If you wish to disinherit someone who may otherwise have legal claim to your estate, you must include the reason for this in your wishes. Failure to do so means that any individual could potentially challenge the Will to claim that they have been unreasonably excluded.

It’s also important to be aware of the evergreen details of Wills, such as how to select your beneficiaries, the responsibilities of your executor/s, and the role of trusts.

Selecting beneficiaries

You can choose any living person, organisation or charity as a beneficiary to your estate; always use their full legal name to avoid any confusion and update your Will on a regular basis and following any major life event.

Bear in mind the nature of different assets and the needs of your beneficiaries – some assets will produce faster cash sums while others will be associated with longer-term or sentimental value. In the case of bank accounts or savings, check that the beneficiary specified when you opened the account is up to date with your wishes, as this will usually take precedence over your Will.

Appointing an executor

An executor is responsible for the administration of your estate according to the wishes laid out in your Will (as long as those wishes are within the law). You can appoint more than one executor and choose from friends, family members or solicitors. However, be mindful of potential problems should you choose a person who is based overseas, under 18, or someone who may not be able to effectively carry out the role.

An executor’s legal responsibilities include registering the death, arranging the funeral and applying for probate. The process of probate can be extremely complex and is often undertaken by a solicitor to ease the strain. It includes:

  • Identifying all assets and debts to determine the value of the estate.
  • Applying for a grant of probate to confirm the legal authority to administer the estate.
  • Liquidating the assets, settling debts and bills, and paying any tax due.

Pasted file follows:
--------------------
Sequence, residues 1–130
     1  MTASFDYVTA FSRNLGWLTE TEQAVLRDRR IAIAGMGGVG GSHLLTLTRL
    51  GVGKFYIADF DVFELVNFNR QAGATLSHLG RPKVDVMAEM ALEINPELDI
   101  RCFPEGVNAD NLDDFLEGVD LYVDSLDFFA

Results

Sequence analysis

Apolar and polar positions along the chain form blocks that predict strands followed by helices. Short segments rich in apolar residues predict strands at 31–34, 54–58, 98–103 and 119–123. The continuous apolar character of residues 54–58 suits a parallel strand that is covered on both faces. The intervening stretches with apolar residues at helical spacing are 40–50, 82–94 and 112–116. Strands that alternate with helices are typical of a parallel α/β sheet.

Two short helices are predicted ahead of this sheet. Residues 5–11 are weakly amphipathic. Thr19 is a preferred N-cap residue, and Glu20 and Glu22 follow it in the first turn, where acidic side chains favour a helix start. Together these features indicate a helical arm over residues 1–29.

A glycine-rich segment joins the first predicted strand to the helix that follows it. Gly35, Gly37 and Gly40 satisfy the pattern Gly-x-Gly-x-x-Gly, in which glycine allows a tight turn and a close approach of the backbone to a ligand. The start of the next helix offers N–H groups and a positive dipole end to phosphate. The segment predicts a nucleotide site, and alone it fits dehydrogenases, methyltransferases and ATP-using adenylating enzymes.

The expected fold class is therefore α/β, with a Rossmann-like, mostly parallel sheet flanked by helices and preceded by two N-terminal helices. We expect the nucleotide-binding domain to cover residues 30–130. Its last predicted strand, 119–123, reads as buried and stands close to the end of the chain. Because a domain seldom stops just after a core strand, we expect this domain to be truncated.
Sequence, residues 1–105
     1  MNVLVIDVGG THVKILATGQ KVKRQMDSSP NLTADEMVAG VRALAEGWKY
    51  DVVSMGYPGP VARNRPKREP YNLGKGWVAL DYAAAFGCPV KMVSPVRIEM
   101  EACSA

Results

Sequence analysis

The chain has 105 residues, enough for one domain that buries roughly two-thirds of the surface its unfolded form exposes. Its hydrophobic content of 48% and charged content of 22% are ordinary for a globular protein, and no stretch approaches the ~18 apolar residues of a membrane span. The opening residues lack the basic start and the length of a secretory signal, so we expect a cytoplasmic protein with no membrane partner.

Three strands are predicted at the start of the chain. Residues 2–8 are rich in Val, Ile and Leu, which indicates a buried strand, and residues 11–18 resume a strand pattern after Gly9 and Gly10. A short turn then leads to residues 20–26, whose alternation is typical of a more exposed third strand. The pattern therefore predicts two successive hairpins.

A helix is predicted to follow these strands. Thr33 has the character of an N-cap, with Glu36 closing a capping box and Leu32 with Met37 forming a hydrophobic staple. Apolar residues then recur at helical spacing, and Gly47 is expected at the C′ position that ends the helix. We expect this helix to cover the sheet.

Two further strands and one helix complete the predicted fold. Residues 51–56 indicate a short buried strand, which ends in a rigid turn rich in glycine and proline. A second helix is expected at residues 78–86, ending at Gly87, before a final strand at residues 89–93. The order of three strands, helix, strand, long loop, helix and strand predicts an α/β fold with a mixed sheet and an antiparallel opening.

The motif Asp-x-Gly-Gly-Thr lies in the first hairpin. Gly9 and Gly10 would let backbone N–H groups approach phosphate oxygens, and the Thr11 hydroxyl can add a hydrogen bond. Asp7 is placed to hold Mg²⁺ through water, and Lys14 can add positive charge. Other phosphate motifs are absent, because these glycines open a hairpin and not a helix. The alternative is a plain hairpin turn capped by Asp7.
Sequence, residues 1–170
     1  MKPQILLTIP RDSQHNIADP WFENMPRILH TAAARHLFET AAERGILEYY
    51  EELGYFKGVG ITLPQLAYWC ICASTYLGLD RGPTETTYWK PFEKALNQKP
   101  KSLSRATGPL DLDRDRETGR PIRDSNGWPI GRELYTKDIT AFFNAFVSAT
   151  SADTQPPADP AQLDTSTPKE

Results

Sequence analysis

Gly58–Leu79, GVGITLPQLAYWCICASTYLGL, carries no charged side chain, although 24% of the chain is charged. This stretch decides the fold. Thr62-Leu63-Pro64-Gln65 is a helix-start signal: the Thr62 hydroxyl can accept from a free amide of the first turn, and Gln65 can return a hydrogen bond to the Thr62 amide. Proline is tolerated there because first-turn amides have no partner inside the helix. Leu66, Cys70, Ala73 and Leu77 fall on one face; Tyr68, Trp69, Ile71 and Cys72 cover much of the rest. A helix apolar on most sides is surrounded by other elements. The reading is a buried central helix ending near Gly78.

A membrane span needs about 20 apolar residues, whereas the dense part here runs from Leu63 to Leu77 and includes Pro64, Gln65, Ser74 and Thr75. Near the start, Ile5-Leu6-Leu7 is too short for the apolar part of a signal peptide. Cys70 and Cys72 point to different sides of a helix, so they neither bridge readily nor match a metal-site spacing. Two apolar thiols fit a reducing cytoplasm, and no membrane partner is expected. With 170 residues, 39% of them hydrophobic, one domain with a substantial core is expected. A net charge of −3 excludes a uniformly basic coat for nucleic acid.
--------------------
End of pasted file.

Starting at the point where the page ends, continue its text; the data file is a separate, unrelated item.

• Preparing the accounts and calculating the final assets remaining for distribution to the beneficiaries.
  • Transferring assets to beneficiaries.The role of trusts

Trusts can help you to maintain some control over your assets after you pass away, by specifying trustees to manage an asset while your beneficiaries receive income from it. Spouses can arrange for half their property to go into trust upon their passing; this means that the surviving partner can continue to live in and own half the home, but the remaining half will not form part of a care home evaluation, protecting it from associated costs. A trust can also help to protect your children’s inheritance should your partner remarry.

If leaving property or financial assets to a minor, it will likely be placed in trust with their guardian appointed as a trustee to manage it until they turn 18. If you wish to outline different terms or specify different trustees, it is important to do so in your Will.

Our team at Vintage Wealth Management offer a specialist Wills and Probate service, including a review of your current arrangements to ensure everything is legally correct and optimised for tax-efficiency. If you are concerned about your current provisions or wish to discuss writing a new Will, get in touch today.

Risk Disclaimer: Trusts can be complex and come with significant tax implications. Always seek financial advice before setting one up.